After the war, materials became more readily available again and bra manufacturers responded by offering increased variety in style, shape, pattern, colour, and fabric. The post-war baby boom saw an increase in nursing bras, and at the other end of the scale, bras for pre-teens debuted on the marketplace in the 50s, and while these bras offered a more natural, rounded silhouette, the bullet bra continued to be in demand thanks to Hollywood starlets like Marilyn Monroe, Jane Russell and Patti Page continuing the Sweater girl look.
The 1960s were a decade of opposites for the bra. On one hand there was the Wonderbra. Introduced by Louise Poirier for Canadelle in 1964, the Wonderbra was designed to lift and support the bust, creating a pushed together cleavage with a deep plunge. The design was an immediate success and is still available in the 21st century. On the other hand, towards the end of the decade the bra began to be seen as a symbol of oppression of women by feminist groups who claimed it represented the restrictions imposed on them by society. This belief was brought to the forefront during a feminist protest at the 1968 Miss America Pageant in Atlantic City, where women threw their bras (along with other symbols of female oppression like hair curlers and false eyelashes) into a ‘Freedom Trash can’. The intention was then to burn the items in the trash can, however a fire permit could not be obtained and so the fire was never lit. Regardless of the lack of flames, the intent of the act was obvious and the bra-burning movement was born.
Feminist protests continued into the early 70s and some bras were eventually burnt, but on the whole the bra had become an indispensable piece of underwear for the modern woman. Throughout the 1970s and 80s the variety of bras available in the marketplace increased in response to the changing fashion trends and beauty ideals of the decades – backless, strapless and plunging versions hit the market ensuring that women would have the support they needed regardless of what they were wearing. This innovation in bra design even reached into the realm of sportswear in 1977 when Lisa Lindahl, Polly Smith and Hinda Mille created the first sports bra. It was made from two jock straps and was called the ‘JogBra’.
The 1990s saw the bra become more visible as the Underwear-as-outerwear trend took hold and continued into the 21st century thanks to celebrities like Madonna and her famous cone-bra (which sold for $52,000 at auction in 2012), Rihanna and Kim Kardashian, just to name few. The early 2000s also saw the introduction of the molded cup, most commonly seen in the now ubiquitous t-shirt bra.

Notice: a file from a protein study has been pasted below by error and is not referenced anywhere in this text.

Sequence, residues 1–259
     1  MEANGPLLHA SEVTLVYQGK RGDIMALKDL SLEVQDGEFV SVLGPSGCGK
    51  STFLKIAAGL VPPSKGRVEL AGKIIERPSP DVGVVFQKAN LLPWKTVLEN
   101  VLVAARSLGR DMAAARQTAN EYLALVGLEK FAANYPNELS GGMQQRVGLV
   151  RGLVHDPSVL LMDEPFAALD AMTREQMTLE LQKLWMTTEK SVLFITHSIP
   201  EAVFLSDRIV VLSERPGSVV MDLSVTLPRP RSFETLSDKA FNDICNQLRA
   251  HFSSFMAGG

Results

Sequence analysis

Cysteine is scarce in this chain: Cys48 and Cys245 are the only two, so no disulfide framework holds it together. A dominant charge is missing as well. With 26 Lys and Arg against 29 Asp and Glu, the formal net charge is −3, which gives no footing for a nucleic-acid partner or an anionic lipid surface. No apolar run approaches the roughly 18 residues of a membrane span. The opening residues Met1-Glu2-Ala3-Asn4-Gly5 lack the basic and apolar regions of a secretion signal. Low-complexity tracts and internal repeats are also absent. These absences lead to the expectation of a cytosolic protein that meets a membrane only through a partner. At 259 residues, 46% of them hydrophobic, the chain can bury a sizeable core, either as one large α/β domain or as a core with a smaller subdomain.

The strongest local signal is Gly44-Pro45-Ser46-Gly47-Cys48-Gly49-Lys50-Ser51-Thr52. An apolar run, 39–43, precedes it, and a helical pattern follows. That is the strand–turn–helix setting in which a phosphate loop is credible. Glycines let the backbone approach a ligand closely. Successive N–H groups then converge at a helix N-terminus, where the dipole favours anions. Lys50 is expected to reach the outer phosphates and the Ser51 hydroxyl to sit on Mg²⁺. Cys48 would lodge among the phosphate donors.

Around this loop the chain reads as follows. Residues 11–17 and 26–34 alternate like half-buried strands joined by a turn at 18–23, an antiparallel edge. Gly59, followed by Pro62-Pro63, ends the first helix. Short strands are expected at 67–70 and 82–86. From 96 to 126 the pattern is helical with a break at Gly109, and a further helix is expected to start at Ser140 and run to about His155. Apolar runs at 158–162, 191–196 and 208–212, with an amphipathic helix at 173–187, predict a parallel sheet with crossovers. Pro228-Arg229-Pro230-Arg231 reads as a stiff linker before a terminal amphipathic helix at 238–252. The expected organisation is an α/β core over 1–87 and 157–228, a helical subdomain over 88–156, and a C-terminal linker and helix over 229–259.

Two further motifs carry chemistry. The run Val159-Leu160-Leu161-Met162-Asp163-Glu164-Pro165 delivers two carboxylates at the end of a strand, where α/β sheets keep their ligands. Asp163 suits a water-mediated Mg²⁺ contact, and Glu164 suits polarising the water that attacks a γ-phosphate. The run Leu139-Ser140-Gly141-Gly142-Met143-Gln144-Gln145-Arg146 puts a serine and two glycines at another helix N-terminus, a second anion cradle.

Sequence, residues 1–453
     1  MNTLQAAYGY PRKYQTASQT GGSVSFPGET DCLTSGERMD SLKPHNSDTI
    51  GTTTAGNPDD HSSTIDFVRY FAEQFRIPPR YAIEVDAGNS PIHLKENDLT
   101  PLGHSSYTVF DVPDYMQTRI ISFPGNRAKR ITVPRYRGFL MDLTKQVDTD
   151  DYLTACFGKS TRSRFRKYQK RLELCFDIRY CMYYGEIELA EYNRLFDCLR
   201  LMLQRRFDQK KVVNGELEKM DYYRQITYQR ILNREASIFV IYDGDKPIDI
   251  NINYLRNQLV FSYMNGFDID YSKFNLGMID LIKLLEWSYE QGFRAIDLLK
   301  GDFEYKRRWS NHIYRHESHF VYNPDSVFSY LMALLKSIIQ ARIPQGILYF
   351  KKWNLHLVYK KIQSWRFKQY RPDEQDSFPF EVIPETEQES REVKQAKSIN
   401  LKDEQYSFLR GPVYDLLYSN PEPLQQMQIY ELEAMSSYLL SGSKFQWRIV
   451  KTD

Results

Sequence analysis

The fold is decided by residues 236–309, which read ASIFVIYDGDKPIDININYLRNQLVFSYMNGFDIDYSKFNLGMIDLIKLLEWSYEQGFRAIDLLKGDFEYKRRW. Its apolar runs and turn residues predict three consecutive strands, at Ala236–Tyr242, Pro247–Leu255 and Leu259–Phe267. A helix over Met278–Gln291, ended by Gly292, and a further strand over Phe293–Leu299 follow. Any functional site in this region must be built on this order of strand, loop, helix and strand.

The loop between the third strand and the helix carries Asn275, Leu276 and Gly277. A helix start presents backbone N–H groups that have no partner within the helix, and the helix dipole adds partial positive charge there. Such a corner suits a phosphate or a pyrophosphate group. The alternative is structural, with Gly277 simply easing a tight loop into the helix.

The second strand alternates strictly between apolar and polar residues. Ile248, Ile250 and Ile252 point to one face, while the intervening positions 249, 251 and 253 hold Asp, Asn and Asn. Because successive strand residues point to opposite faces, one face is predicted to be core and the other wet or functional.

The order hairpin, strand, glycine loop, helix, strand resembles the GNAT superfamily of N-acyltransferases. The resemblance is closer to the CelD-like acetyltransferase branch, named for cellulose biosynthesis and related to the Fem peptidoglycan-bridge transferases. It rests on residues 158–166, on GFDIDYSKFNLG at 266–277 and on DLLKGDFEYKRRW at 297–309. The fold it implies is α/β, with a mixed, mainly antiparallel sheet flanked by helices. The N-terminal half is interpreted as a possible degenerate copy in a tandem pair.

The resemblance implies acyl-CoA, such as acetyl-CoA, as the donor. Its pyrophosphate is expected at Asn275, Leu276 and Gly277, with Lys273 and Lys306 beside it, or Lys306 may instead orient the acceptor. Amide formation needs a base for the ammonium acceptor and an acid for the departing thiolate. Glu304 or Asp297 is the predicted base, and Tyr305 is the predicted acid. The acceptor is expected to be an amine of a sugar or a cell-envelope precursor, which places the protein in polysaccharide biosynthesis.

In the second decade of the 21st century the bra is well and truly an indispensable and essential piece of clothing for most women, and thanks to the ever increasing variety of designs available, there is a bra on the market to fit into every facet of the modern wardrobe. From sportswear to everyday basics, from special occasion luxury to specialised styles, there is a bra for every woman of every size for every occasion. It can be worn under, or over, any garment or even worn on its own as a fashion piece in its own right. And as technology in the fashion and clothing industry continues to advance, there is no doubt that new and innovative bras will continue to hit the market for many years to come.
Origins of the name: the word bra is shortened from the word brassiere, a term which was first used by the Syracuse Evening Herald in upstate New York in 1893, gained wider usage in 1904 and first appeared in Vogue in 1907. Brassiere was added to Oxford dictionary in 1911, however it wasn’t until the 1930s that brassiere was shortened to bra in popular language.
Some random facts:
- Victoria’s Secret was created by a man who was uncomfortable shopping in a department store for lingerie for his wife
- the most expensive bra was a Victoria’s Secret Fantasy Bra worn by Gisele Bundchen in 2000. It was made of satin, rubies and diamonds and was valued at $15 million
- the world’s bestselling bra is the Triumph Doreen, worn by millions of women across the globe
- the most common bra size in 2016 is 36DD
Bras in the modern marketplace There are boundless bra options on the modern market. Many brands from designer to the high street offer a variety of bras in endless shapes, sizes and fabrics allowing the 21st century woman to pick and choose the perfect bra for any outfit on any given day.